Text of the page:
Enc wrote: »
    It's an interesting take, but I don't think the concern is of an ablest nature but of actually living to see his policy goals enacted. No physician would, in good conscience, suggest to a 78 year old man who just had a heart attack to take up one of the most stressful jobs in the country.

    I mean, hell. Roosevelt was in a wheelchair for most of his presidency and he was one of our best leaders. If this were a more minor issue, I would be behind the author's logic a bit more.

    Roosevelt was partially paralyzed from the waist down before he was even elected.
    Roosevelt convinced many people that he was improving, which he believed to be essential prior to running for public office again.[102] He laboriously taught himself to walk short distances while wearing iron braces on his hips and legs by swiveling his torso, supporting himself with a cane.[103] Roosevelt was careful never to be seen using his wheelchair in public, and great care was taken to prevent any portrayal in the press that would highlight his disability.[104] However, his disability was well known before and during his presidency and became a major part of his image. He usually appeared in public standing upright, supported on one side by an aide or one of his sons.[105]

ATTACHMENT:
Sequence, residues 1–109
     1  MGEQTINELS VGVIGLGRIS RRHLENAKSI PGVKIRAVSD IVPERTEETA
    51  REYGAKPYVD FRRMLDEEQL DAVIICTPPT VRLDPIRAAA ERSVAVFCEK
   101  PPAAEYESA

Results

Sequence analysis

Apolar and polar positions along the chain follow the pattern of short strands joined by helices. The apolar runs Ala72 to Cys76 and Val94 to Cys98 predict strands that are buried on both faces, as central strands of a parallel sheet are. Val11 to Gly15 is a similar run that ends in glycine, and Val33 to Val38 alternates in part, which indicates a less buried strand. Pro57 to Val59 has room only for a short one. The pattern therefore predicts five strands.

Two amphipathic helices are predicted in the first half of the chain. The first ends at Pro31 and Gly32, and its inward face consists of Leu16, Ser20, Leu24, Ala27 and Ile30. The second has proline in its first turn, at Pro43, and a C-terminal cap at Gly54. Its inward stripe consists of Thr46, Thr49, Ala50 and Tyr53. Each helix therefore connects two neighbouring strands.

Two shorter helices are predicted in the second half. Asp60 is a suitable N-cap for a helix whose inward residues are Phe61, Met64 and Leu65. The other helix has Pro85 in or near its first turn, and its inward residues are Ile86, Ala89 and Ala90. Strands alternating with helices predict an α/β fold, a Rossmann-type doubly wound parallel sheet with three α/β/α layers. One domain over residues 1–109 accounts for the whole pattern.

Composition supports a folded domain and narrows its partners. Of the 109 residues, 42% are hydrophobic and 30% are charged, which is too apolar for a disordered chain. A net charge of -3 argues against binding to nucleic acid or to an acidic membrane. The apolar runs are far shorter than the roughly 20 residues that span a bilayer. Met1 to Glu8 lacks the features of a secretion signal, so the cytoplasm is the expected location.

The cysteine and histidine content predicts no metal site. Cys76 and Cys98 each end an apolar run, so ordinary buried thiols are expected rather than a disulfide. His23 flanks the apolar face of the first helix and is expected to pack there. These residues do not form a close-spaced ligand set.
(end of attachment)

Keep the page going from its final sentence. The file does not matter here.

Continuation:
I am not sure this is comparable to an older man who had a heart attack going into the stressful job. In the end the Presidency did kill Roosevelt but that was after a decade in office.

    Also with the care Bernie receives as a Senator and President he could make 4 years. 8 is not likely for Joe or Bernie.

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  • SyphonBlueSyphonBlue Registered User regular
    Yeah not wanting someone who just had a heart attack in the most stressful position in the world isn't ableism. I also wouldn't want someone who has Stage 4 cancer as president either. I don't have a problem with someone who's in a wheelchair as president, for instance.